Tuesday, January 3, 2012

Toy Review – Masters of the Universe Classics Wind Raider By Mattel

This may well be the centerpiece of Mattel’s 2011 Masters of the Universe Classics offerings. We, the fans, have been waiting since the line’s inception to see any of the vehicles from the vintage toys updated.
We were teased a couple of years ago with a mock-up/prototype of the Battle Ram that the Four Horsemen created for San Diego Comic Con. It looked fantastic and made everybody feel pretty sure that not only would we be getting a vehicle soon, but that it would probably be a Battle Ram. Reasonable, right? But nothing about MattyCollector is reasonable (just look at the Star Sisters), so of course we got the Wind Raider to finish off 2011.

Not that I’m complaining – to me the Wind Raider is the most iconic vehicle from MOTU history. I’m more than happy to have it.
First Glance: I absolutely love this packaging. I normally prefer window boxes for pretty much anything, but for some reason I’m good with this enclosed box.
Sculpt: The Wind Raider comes mostly assembled. And it is large. It was obvious that this thing was going to be big simply judging from the figures in the line, but man. It’s big.
The Wind Raider is also very detailed. Rather than use stickers for control panels and insignias, the Four Horsemen sculpted every detail into this thing, and didn’t skimp a bit. Every dial, gauge, and logo is a part of the vehicle and is thoroughly recreated from the original’s sticker sheets.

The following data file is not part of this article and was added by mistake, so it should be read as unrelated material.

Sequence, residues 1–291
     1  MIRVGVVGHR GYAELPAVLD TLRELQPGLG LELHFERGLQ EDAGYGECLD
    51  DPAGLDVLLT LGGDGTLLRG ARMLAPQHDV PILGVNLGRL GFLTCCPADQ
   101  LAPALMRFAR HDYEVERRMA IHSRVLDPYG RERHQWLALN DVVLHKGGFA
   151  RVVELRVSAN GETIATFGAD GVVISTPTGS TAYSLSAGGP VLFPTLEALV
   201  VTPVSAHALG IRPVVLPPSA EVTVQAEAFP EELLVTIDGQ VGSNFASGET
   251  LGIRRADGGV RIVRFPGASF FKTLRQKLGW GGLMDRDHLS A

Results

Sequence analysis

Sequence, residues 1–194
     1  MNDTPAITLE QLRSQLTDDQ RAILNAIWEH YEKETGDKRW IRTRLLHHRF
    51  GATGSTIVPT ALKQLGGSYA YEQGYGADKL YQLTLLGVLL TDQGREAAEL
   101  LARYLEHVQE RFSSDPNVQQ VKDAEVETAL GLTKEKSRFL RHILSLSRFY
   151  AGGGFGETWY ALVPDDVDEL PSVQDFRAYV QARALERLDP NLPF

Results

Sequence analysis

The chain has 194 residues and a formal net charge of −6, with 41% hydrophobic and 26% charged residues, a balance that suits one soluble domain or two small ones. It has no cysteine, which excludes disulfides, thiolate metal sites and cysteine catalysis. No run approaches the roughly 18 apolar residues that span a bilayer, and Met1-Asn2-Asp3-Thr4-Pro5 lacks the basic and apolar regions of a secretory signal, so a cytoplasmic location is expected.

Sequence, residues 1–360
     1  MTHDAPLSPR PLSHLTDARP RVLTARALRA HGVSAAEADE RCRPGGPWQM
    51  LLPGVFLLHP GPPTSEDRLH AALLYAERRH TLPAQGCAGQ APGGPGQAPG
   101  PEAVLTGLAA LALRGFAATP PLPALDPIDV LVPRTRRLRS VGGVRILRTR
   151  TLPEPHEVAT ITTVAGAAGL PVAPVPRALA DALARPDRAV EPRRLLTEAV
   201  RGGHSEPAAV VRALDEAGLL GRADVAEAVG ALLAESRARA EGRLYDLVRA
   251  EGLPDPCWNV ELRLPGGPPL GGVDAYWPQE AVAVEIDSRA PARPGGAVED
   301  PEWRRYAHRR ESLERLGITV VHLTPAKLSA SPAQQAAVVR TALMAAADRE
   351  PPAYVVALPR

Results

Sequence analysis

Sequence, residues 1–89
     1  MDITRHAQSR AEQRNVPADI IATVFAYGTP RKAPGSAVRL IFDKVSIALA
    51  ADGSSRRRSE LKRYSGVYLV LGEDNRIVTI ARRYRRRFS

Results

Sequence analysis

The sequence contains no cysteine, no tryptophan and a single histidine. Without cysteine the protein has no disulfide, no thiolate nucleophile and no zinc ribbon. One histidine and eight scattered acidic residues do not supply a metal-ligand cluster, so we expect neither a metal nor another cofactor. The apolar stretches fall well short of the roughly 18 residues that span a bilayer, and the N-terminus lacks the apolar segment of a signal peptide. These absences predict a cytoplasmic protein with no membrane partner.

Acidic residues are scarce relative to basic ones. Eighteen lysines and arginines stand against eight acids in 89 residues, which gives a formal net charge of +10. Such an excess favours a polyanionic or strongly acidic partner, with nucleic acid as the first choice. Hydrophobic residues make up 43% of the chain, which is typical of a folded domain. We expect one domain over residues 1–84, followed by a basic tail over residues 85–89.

The cockpit features a sculpted seat and will fit most MOTUC figures just fine. I stuck a Palace Guard in there (the one with Icarius’ Val Kilmer head because he feels the need… the need for speed – thanks, Evil for that excellent suggestion) and he fits great, even with all of his armor on. There are grips on the control panel for steering and they are made of a softer plastic so they can be manipulated into the figures’ hands. I didn’t actually do this because I was afraid they might break off or something, but you are more than welcome to with your Wind Raider. I’m not saying it won’t work, I’m just saying I didn’t trust it to work.
The wings and tail fin are made of a softer plastic and are just as detailed as the body. The wings plug in very well, but I’m afraid they’re going to end up sagging over time due to their weight. The hexes that the wings plug into rotate, so you can position the wings however you like. The tail fin/rudder piece is also a soft plastic. It took a little fiddling to get it in place and the peg on top got a little crushed in the process. It’s fine, but it was a bit of a pain. This piece is clearly intended to be moved side-to-side, but the mashed-up peg on mine means I won’t be doing a lot of that. Not a big deal. I wouldn’t have anyway.
There is a hatch on either side of the Wind Raider’s body. These each open to reveal some wiring and stuff, as well as what appear to be some sculpted-in missiles. These add a little more depth to the vehicle and remind me how much I like hatches.
There are wheels underneath the vehicle that roll nicely. The bottom isn’t quite as thoroughly detailed as the rest of the Wind Raider, but it still looks good.